Challenging the double-standard of policing women’s bodies online.
More than 100 nude protesters gathered outside Facebook’s New York headquarters this month to demonstrate against the tech giant’s nudity policies.
In coalition with the National Coalition Against Censorship (NCAC), artist Spencer Tunick organized the #WeTheNipple campaign to highlight how gender inequality affects how media is regulated on Facebook as well as on its photo-sharing platform Instagram.
Specifically, the group bared all on Sunday, June 2, to draw attention to the double standards applied to censoring women’s nipples, but not men’s.
Tunick, who is well-known for live, nude human installations, instructed the protesters to lie naked on the concrete and use oversized, cut-out photographs of male nipples covering their genitals.
The nipple photographs in question were created from celebrity donations, such as Andy Cohen, Andres Serrano, and Chad Smith, as well as Tunick’s own.
Instagram and Facebook do not allow nudity on their platforms. This includes sexual acts, genitals, and buttocks. It also covers digitally created or realistic art content.
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Invisible bodies and ignored sexualities
Tunick and the NCAC argue that these policies particularly affect people of color, women, people who are non-binary or gender non-conforming, as well as those belonging to the LGBTQIA community.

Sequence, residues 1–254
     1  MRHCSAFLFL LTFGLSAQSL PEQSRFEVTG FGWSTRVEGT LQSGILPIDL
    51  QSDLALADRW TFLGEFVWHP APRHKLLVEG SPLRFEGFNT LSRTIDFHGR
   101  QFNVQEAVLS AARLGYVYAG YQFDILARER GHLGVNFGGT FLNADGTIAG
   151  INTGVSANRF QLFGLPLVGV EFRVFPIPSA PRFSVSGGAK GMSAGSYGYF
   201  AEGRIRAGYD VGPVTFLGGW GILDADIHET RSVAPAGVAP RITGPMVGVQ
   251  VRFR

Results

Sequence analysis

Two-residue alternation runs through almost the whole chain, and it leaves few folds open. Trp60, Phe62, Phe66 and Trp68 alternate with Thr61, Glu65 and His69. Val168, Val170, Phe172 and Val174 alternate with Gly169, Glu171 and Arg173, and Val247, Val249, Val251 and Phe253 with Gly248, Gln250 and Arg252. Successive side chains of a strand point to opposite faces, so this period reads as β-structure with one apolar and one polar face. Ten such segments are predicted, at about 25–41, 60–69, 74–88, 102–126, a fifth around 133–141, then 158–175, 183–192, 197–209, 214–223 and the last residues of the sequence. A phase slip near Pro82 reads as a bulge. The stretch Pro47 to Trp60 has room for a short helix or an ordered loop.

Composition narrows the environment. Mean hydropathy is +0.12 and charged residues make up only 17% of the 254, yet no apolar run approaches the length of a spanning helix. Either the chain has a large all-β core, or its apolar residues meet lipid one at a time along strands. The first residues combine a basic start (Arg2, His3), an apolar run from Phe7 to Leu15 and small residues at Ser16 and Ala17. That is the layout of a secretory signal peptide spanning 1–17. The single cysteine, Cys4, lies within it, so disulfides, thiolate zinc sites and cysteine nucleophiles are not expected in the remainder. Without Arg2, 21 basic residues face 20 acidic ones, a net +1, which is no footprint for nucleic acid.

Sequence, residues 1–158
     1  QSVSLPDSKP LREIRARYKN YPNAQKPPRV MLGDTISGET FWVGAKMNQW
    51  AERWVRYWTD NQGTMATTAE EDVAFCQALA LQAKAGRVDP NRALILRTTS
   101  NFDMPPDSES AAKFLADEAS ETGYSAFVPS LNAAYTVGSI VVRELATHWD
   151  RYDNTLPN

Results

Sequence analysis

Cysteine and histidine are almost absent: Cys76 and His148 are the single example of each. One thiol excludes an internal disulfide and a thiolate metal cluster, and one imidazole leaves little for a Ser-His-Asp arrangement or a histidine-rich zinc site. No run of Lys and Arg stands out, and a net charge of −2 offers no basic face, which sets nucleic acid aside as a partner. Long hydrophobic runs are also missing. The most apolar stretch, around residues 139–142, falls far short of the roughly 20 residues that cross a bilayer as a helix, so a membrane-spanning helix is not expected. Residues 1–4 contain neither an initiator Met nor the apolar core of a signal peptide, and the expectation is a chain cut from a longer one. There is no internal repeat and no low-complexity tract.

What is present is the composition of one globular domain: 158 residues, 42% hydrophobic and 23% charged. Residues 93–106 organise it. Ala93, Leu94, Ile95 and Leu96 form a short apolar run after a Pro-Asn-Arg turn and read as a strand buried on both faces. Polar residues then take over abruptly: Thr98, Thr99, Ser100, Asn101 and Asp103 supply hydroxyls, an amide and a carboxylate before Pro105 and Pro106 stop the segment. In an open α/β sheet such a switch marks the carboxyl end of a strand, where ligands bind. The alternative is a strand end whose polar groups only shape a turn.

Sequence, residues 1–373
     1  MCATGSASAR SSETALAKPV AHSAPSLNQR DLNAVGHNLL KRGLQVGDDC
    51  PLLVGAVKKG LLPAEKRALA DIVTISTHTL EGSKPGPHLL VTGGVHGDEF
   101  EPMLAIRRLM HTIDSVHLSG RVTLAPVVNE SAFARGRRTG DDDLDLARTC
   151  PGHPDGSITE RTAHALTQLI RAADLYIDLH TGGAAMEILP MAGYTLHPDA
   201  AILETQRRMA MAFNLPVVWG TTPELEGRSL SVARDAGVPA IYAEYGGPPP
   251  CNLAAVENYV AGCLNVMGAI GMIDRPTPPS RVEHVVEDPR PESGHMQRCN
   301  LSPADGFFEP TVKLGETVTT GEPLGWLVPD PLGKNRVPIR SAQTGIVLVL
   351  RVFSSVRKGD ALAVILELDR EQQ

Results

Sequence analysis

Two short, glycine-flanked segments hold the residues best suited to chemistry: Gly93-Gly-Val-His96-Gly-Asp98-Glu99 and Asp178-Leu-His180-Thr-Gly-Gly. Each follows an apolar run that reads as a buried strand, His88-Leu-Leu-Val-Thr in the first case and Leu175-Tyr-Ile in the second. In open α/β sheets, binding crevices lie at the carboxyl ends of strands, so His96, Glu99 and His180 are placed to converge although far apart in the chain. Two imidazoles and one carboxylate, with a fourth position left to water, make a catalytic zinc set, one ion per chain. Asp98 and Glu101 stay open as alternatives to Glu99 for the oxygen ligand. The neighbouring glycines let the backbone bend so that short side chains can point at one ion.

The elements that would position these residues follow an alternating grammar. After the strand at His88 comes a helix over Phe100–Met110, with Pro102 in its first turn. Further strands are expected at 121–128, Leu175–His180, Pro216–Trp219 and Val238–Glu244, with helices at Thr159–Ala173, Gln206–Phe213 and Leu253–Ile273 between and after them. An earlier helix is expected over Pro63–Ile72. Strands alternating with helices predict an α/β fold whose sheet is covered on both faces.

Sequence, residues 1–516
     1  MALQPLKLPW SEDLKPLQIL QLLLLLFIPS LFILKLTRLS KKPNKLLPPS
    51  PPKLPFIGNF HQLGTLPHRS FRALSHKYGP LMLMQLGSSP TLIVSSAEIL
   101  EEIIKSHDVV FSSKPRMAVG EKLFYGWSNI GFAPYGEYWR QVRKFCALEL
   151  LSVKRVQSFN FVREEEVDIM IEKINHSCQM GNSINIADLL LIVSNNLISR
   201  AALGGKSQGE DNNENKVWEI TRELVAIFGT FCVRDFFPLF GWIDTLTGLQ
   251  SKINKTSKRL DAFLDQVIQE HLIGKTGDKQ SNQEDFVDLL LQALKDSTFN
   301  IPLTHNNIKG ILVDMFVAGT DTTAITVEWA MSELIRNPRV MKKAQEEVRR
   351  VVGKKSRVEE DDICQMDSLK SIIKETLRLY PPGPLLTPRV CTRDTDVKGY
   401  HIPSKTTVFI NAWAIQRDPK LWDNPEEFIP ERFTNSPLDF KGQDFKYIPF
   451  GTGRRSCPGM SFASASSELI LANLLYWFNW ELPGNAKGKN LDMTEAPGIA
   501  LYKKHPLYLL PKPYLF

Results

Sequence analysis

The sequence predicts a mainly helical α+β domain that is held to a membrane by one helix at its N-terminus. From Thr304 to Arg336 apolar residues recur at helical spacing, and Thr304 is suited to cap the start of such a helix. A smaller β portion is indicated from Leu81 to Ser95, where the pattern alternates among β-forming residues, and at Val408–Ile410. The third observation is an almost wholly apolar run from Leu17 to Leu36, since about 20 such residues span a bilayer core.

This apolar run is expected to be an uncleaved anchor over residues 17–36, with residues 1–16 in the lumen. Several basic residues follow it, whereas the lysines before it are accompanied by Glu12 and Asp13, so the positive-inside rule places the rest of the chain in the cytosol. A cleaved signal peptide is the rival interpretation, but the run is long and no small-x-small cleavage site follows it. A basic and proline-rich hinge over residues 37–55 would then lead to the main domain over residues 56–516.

The nudity ban also targets sex workers who use social media sites to promote their work, including pornography, full-service, and webcam shows. These sites have become particularly important following the loss of Backpage after FOSTA/SESTA (Fight Online Sex Trafficking Act/ Stop Enabling Sex Traffickers Act.
Instagram is also experimenting with demoting content that it deems less appropriate for the site, which does not directly violate their current content policies.
This includes non-nude but sexually suggestive, violent, or shocking content. It would not be shown in the News Feed but would still be available for followers and Instagram Stories.
The future of sex cannot be determined by algorithms. Instagram’s policing of sexuality through a rigid set of policies can be detrimental to the visibility of bodies that do not conform to traditional beauty and relationship norms, with the demoting or removal of the content rendering them invisible on social media.
Tunick’s protest sends a clear message to Instagram and Facebook that it’s time to modernize their approach to sexual expression. It’s time to allow for equal access for all bodies, sexualities, and ethnicities.
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